A few pointers:

-Since you are discouraged from using a microwave, while stove-less at work I would run my broth, which I stored in mason jars,  under the hottest water possible to heat it.

-I used digestive bitters every day.  I would put like 20 drops into 8 ounces of water and drink it two or three times a day. This helped me get through cravings A LOT.  I got mine from Mockingbird Meadows, Dawn is amazing if you have any questions!

-Don’t beat yourself up if you cheat on the meal plan, you’re human! Just get back on the wagon and do better!


Just in case you think there’s no way possible I changed this much in a week, take a look at my results:


Before I was so bloated and inflamed, I feel like I looked about 3 months pregnant.  After I have a flat, happy, healthy tummy!



I’m going to be changing how I have been eating to a more clean, whole foods, no dairy (almost vegan) diet and the recipes on my blog will start to reflect that, but don’t worry, I’ll throw in the occasional indulgence from time to time!



How perfect are these for the upcoming Fourth of July weekend?! Light and fluffy bowls of delicious chocolate air filled with whipped cream and berries, they just taste like summer! Not to mention they aren’t a lot of work but the result is very impressive.


For The Meringue Bowls:
6 egg whites
2 cups sugar
2 Tbsp cocoa powder
1/4 tsp cream of tartar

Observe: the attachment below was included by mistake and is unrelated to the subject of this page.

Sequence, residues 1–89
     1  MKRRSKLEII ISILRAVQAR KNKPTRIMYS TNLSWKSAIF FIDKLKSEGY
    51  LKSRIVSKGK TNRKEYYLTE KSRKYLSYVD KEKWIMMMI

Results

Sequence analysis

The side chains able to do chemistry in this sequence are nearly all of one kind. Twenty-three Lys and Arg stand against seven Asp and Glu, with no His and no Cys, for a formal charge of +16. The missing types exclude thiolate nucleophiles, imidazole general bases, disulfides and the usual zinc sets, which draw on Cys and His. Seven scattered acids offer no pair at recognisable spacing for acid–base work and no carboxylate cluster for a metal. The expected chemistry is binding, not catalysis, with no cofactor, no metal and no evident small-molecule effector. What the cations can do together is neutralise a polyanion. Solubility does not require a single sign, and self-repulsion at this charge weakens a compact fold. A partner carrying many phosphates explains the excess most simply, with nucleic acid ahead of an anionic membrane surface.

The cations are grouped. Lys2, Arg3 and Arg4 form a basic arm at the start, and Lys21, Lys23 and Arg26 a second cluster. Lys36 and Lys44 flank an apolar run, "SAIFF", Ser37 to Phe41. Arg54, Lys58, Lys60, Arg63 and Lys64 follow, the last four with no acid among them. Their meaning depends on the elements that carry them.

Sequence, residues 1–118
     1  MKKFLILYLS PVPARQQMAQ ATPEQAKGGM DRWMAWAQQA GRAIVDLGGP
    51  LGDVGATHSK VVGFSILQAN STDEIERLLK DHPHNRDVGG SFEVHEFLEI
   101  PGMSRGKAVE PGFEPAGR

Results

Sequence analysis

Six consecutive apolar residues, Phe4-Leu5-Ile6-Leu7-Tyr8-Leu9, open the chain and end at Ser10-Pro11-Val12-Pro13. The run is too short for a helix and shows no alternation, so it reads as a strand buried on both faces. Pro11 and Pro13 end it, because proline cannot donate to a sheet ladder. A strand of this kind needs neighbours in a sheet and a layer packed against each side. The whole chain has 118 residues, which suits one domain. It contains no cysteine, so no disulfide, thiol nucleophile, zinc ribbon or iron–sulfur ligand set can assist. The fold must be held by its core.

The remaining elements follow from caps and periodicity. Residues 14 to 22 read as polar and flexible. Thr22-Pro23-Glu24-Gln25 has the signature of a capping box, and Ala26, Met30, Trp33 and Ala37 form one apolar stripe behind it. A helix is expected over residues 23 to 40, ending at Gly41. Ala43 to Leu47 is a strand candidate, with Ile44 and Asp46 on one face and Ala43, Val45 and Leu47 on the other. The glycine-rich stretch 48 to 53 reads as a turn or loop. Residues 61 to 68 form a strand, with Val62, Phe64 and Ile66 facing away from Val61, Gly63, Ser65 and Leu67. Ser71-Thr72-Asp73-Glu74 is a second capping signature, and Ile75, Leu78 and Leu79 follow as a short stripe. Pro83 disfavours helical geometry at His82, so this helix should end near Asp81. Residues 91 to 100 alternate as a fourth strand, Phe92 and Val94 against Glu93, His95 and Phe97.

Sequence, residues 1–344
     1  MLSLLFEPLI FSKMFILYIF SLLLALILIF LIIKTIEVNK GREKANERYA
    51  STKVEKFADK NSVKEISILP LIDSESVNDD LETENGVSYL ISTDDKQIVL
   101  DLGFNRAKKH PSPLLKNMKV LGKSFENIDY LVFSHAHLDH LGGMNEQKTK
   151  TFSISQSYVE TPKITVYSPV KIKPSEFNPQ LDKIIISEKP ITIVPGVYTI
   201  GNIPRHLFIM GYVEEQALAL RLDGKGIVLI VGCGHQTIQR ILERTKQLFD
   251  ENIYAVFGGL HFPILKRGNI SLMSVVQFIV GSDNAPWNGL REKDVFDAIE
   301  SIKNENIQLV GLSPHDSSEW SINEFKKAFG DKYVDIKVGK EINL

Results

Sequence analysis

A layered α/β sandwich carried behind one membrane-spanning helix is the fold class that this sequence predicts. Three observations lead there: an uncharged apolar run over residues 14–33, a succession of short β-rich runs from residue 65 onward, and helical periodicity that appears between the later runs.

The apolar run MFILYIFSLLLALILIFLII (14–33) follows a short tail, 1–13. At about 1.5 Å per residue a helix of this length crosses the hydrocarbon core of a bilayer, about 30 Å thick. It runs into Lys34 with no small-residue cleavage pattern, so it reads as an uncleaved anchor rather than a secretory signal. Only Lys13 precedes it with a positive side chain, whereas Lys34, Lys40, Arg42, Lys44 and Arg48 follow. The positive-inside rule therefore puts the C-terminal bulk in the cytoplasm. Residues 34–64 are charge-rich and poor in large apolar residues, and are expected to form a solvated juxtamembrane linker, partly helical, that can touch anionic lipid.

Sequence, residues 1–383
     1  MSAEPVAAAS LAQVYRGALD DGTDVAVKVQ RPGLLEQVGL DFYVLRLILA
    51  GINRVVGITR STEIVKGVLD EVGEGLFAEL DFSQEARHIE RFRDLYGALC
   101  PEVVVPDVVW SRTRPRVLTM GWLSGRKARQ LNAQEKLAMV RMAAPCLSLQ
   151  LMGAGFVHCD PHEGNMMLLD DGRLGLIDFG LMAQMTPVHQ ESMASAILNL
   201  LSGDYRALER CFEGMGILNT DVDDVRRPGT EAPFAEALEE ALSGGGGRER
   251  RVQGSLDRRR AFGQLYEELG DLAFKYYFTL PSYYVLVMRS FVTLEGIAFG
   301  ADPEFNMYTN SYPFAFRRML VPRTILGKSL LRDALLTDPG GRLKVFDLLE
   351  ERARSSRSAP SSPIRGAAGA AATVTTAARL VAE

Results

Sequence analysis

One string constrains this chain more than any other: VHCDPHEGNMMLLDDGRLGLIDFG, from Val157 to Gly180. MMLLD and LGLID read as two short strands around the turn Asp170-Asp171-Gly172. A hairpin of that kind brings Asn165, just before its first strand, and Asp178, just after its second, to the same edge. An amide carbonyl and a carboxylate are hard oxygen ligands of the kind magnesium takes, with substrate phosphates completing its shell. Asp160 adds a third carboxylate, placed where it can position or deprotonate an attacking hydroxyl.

Preheat oven to 300 degrees.
Beat together egg whites and cream of tartar until soft peaks form, then begin adding sugar a few tablespoons at a time, until stiff peaks form; mix in cocoa powder.
Line a cookie sheet with parchment paper. Spoon meringue onto parchment and spread out into individual bowl shapes (I make about 6 bowls). Place in oven, and turn the temperature down to 250 degrees. Bake for one hour and 15 minutes. Meringues should look dry and cracked on the outside, but not much darker than when you started. Allow to cool in the oven completely. (Meringues can be made ahead and stored in an airtight container.)

For The Whipped Cream:
*For best results place the whisk and mixing bowl in the freezer until chilled, and use very cold cream.

1 cup heavy cream
1 tsp vanilla extract
2 Tbsp sugar

Whip cream until peaks start to form, add sugar and vanilla and mix until stiff.

Once meringues are cooled completely, top with fresh whipped cream and berries, I use blueberries and raspberries. Enjoy!


There is a client of my salon, Lauren, that I have enjoyed following on Instagram because she is always posting the most beautiful pictures of delicious, healthy food, and I’m so excited to announce that she recently launched a blog of her own!  A self proclaimed “foodie,” with a passion for promoting wellness using whole nutritious foods and a balanced lifestyle, Lauren works as a Registered Dietitian in clinical nutrition and consults on nutrition and wellness throughout central Ohio.  Most of the things she posts are gluten free, or can be made that way (I personally can’t wait to try her Peanut Butter Banana Oatmeal Cookies), and very “Meat On The Side” friendly!  Check her site out: Whole Living Lauren, and tell her The Stay At Work Housewife sent you!